Is there a C8-related chemical wrapped around your cheeseburger?
With the PFOA family of manufacturing chemicals under investigation by the U.S. Environmental Protection Agency, a Washington, D.C.-based scientific research group thinks consumers have a right to know the answer.
The Teflon-related chemical C8 has been a topic of interest in the Mid-Ohio Valley since it was first detected in Washington County water supplies in January 2002, likely a result of emissions from the DuPont Washington, W.Va., Works plant across the Ohio River from western Washington County.
DuPont officials say the chemical presents no harm for humans, but it has been found to cause reproductive and developmental problems in laboratory animals. The EPA is trying to gather more information about the chemical through a process of voluntary agreements with industry for testing.
The Environmental Working Group is asking several popular fast food companies to disclose whether the food packaging products they use contain a chemical coating made of fluorinated telomers.
Some consumers such as Debra Cochran of Pageville, in Meigs County, thinks fast food companies should release the information.
“When you are a parent, you think of these things,” Cochran said. “If I only ate (in a restaurant) once a year I would still want to know which products may even have a chance of being related (to C8).”
Food packaging and containers which are suspect include french fry boxes, sandwich wrappers, pizza boxes, and a variety of other chemically coated paper products.
The group suspects many types of food packaging commonly used by fast food restaurants are coated with chemicals that perform similarly to those found in the non-stick substance known as Teflon. C8 is used in the Teflon making process. They also believe chemically treated food packaging could be a possible pathway for the human delivery of the chemical, which is found in the bloodstream of more than 90 percent of Americans.
Fluorinated telomers, commonly found in grease- and stain-repellent products, do not contain PFOA (the other name for C8), but studies indicate they can biodegrade into PFOA.
DuPont officials believe the environmental group’s request is “largely misleading and inaccurate as it relates to PFOA and fluorinated compounds.”
“While we will not respond to the specifics of our concerns with the letter, we are communicating with our customers to assure them that our products are safe for continued use by consumers,” said Clif Webb, DuPont spokesman.
“Our safety assurances to customers serving the food industry are based on extensive knowledge of the products we sell and many years of regulatory review and approval by the Federal government,” Webb said.
Webb said DuPont grease-resistant products have been studied for more than 35 years and have been found to be safe for food contact use by the U.S. Food and Drug Administration.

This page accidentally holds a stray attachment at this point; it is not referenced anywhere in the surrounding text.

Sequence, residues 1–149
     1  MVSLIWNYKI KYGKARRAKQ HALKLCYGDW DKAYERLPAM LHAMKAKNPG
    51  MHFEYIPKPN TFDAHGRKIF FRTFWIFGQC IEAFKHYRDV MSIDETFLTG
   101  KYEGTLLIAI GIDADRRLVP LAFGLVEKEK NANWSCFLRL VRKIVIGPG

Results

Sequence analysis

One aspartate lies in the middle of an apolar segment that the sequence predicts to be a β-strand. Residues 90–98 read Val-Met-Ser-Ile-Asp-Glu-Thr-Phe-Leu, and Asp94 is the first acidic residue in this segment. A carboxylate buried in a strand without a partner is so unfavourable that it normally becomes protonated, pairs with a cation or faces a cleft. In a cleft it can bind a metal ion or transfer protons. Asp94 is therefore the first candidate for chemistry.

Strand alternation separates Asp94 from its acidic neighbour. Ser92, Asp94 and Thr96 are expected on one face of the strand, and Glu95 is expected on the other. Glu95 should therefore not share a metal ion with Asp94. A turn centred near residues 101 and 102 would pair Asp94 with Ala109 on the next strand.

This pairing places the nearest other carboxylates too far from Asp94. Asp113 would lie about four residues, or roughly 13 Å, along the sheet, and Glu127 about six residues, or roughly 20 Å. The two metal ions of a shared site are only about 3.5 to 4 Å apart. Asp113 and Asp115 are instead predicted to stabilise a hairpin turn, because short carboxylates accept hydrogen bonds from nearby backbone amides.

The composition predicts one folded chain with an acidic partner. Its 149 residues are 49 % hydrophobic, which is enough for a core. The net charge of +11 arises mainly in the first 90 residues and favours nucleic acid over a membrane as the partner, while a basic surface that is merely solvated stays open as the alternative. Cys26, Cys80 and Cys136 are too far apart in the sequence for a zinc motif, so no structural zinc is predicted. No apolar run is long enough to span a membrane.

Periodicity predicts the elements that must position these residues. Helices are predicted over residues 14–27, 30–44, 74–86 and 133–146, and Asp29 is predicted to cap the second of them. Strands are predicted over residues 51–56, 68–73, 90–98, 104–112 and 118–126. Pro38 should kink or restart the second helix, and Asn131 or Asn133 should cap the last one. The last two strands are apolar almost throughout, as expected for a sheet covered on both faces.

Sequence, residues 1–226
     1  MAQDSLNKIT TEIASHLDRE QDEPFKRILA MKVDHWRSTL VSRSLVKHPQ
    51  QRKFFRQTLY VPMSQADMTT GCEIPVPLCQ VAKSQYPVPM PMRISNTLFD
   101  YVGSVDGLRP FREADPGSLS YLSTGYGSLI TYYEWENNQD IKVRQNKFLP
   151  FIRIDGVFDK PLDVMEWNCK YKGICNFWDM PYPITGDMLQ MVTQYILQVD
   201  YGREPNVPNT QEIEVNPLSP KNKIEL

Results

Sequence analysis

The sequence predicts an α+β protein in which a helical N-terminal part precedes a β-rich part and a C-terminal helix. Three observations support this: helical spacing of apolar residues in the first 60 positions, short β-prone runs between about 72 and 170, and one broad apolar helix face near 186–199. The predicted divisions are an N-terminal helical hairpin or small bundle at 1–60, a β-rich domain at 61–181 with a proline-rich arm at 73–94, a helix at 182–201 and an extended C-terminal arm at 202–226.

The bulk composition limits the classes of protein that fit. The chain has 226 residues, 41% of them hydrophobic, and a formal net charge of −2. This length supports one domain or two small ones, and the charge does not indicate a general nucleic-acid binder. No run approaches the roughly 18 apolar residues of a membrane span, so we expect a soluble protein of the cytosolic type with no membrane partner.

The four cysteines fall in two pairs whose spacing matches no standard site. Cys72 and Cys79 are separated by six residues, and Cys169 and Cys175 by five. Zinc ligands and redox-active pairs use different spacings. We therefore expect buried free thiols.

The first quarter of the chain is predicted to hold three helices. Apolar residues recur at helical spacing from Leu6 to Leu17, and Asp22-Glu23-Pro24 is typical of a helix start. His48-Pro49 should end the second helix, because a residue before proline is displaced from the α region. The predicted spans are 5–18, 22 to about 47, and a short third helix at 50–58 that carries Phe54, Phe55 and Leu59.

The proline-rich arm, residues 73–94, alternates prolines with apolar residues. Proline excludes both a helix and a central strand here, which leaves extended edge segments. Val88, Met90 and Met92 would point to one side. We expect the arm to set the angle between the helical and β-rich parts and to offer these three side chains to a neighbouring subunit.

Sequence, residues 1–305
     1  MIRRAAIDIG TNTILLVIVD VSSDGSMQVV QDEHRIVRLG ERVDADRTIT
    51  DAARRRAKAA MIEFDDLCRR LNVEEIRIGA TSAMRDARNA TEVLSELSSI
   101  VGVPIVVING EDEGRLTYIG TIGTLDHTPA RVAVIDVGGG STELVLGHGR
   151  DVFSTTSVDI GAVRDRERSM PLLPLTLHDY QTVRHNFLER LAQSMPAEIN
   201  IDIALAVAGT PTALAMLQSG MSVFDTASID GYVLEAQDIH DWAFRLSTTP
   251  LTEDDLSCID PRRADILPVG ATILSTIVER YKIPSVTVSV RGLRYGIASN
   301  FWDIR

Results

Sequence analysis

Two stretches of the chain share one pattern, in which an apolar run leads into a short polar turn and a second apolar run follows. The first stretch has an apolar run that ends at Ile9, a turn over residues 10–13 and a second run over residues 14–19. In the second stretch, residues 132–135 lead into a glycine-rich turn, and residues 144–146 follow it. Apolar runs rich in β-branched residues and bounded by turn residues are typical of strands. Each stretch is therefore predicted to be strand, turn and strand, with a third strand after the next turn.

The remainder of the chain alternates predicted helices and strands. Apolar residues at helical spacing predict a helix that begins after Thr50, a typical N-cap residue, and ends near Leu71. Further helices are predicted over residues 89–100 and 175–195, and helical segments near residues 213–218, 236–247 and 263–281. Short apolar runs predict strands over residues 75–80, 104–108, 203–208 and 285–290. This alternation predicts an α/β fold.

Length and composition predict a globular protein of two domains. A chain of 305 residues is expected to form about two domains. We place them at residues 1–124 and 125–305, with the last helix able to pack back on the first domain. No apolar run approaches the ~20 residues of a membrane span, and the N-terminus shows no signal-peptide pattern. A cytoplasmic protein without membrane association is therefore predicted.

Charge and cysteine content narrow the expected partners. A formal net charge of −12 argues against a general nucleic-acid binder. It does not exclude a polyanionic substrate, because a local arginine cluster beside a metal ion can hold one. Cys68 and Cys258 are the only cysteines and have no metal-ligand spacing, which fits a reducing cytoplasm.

Webb cited an April 14 statement from the United States EPA that said it “does not believe there is any reason for consumers to stop using any consumer or industrial product” because of questions about PFOA. He said DuPont is supporting the U. S. EPA’s efforts to investigate the issue.
The EPA is working toward voluntary agreements with industry representatives that would yield tests and results to answer questions about the toxicity and fate of the chemical. In other words, they are trying to find out which products break down into C8.
The list of consumer products potentially affected by the manufacturing chemical family includes thousands of items. But, industry professionals are hesitant to indicate precisely which products are effected, citing confidential business information. So, in an attempt to gather information they believe will be valuable to consumers, the Environmental Working Group has asked nine fast-food chains to release information about the paper products they use.
“Common chemicals used in food packaging, called fluorinated telomers, can break down into PFOA, and are one of the likely sources of the chemical in the human body,” said Ken Cook in the letters to representatives from the fast food industry.
Although the letters were sent to company leaders on July 9, of the fast food corporations contacted, most who responded were unaware of specifics regarding the types of packaging products used in their restaurants.
Spokespeople from McDonald’s Corp. in Oak Brook, Ill., and Wendy’s International, Inc., of Dublin, said they would have to research the products used by their company and reply later.
Subway Restaurants spokesman Les Winograd said his company has been looking into the issue since receiving the working group’s letter.
“We take this issue very seriously,” Winograd said. “We are checking with our suppliers to see what they have on their files.”
Krispy Kreme spokesperson Brooke Smith reported her company’s packaging does not contain any fluorinated telomers.
“We use an all natural clay-based product,” Smith said.
Burger King Corp. of Miami, declined to respond, as did Yum! Brands, Inc., the company that operates Kentucky Fried Chicken, Taco Bell, and Pizza Hut.
The working group has not yet received any response to its inquiries.